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Yesteryears: Packing houses need workers in 1945

1915 — 100 years ago

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August 14, 1925: One of several comics in this week’s paper.

1925 — 90 years ago

A half-dollar commemorating the Centennial of Fort Vancouver will be among the objects to be placed in the corner stone of the new St. Marks’ Episcopal Church, which is being built at the corner of 11th and Eugene streets. Thus a coin in memory of the founding of one of the early outposts of the English-speaking people in this Pacific Northwest will be placed in the new building of the local representative of the Mother Church of the English-speaking people.

Hood River Elks are now completing their plans for a big evening picnic, to be held at Koberg’s beach Aug. 18. The feature of the evening will be a barbecue, at which a fine steer will be roasted and served to members of the order.

Verbatim: City High School Costs  Are Not High

Superintendent Breckenridge Says Comparison With Other Schools Shows Below Average

Contrary to some of the comment heard in this county during the past few weeks, the per capita costs at Hood River high school are not only not high, but they are well below the average of first-class high schools in Oregon.

Figures for 31 first class district high schools of Oregon for the year 1933-1934 shows that the per capita cost of Hood River high school was $74.38, while the average was $82.15. The highest cost was at Klamath Falls county unit, of $122.79, but this figure probably includes bus service. Other highs were: Pendleton, $110.58, Tillamook, $110.54, and Park Rose and Portland, both at $99.17. Low per capita costs are reported from Milwaukee, $56.56, and Newberg, $58.10. Twenty of the 31 first-class schools recorded show a higher per capita cost than that of Hood River high school.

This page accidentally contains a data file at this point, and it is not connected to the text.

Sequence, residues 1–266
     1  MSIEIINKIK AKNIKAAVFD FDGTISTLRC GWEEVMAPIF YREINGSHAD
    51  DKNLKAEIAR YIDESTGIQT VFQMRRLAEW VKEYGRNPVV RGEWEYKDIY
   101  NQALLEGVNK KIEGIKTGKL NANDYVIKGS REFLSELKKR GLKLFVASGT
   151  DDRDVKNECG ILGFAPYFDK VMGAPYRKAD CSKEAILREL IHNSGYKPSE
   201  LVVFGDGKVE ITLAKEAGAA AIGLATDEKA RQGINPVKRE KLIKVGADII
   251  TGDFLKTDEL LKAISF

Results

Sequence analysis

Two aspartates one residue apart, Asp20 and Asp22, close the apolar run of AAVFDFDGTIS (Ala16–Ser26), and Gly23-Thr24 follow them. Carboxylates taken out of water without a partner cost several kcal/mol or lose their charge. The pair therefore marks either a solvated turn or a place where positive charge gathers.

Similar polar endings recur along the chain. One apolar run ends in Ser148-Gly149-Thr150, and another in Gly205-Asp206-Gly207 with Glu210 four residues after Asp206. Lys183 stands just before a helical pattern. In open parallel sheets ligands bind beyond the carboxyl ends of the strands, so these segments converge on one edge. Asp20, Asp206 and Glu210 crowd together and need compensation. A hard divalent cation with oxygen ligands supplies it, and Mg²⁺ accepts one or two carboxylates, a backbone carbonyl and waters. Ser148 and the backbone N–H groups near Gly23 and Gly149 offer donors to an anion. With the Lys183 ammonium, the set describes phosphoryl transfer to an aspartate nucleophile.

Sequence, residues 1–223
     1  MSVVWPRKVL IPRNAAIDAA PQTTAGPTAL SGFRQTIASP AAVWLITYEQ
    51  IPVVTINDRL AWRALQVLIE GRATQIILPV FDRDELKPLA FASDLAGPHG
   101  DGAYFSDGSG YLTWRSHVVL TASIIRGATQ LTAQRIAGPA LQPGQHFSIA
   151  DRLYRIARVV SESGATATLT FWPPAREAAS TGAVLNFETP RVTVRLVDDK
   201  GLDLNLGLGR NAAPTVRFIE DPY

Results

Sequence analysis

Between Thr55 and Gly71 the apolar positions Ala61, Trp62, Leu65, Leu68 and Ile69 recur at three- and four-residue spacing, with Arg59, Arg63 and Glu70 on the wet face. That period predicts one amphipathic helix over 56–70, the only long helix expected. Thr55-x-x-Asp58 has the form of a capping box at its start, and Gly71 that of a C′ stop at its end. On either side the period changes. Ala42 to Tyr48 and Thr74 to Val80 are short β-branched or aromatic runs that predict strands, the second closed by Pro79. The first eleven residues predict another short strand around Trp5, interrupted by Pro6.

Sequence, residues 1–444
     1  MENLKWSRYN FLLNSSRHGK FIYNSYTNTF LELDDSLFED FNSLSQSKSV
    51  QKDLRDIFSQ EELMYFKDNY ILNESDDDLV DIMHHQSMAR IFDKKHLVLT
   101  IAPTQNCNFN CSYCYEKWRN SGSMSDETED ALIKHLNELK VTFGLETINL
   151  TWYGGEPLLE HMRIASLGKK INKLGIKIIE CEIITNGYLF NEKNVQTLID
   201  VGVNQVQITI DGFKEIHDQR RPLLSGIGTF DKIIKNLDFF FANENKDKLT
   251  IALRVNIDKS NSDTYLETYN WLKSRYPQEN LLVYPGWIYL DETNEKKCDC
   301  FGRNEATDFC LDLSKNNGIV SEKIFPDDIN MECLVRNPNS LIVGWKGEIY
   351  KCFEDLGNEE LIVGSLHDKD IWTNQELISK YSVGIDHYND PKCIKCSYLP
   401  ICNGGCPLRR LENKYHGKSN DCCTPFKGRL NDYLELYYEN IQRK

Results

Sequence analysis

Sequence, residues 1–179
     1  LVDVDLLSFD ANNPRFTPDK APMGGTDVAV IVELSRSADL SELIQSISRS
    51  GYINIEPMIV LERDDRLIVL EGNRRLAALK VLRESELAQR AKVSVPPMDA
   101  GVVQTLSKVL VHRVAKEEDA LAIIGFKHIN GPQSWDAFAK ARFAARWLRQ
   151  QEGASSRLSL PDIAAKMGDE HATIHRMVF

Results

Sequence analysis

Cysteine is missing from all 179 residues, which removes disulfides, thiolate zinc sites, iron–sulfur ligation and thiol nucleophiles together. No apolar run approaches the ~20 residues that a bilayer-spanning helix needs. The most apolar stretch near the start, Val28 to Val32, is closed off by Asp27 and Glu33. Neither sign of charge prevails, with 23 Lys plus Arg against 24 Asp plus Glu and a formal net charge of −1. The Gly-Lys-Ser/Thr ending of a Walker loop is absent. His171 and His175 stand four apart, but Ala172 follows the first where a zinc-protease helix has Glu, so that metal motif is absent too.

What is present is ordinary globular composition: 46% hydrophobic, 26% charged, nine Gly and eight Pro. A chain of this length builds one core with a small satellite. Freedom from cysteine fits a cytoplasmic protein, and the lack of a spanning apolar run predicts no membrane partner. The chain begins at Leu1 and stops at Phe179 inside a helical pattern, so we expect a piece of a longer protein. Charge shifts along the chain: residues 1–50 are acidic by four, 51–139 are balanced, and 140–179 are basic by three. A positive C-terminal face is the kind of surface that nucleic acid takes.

The per capita cost for Hood River high school for the 1934-1935 school year was $86.01, as compared with the cost of $74.38 for the year 1933-34. This increase, according to Supt. J.L. Breckenridge, is the result of an additional teacher and some badly needed repairs and equipment replacements, which had been permitted to slide during the early days of the depression.

Even with this increase, the Hood River sots are not out of line with those of other schools of the state. While figures for the year immediately past are not yet available, Hood River was well below the average for the year 1933-1934. Probably all schools will show increased costs for the past year, and Hood River costs, of $86.01, are only a little over the average for the year 1933-34. The cost per day pupil is 48 cents.

— Hood River News, August 9, 1935

1945 — 70 years ago

Approximately 24,000 men and women will be needed in nearly a dozen “hot spots” throughout Oregon to meet the peak needs of Oregon’s large food processing industry. The Apple Growers Association, as reported by Earl Ziegler, will need about 400 men and 1,000 women. E.R. Pooley, American Fruit Growers, will need 60 workers in their packing operations, John Duckwall of Duckwall Bros., Inc., will need about 30 more men for the fall season, and “Pep” Mann of Stadelman Fruit will need 100 men and women.

1955 — 60 years ago

The job outlook for the local area is “optimistic” with the exception of early August, according to Boyd Jackson of the local employment service. July was a peak employment month with most every available worker able to find at least temporary work in strawberry picking, thinning and cherry packing, the manager said.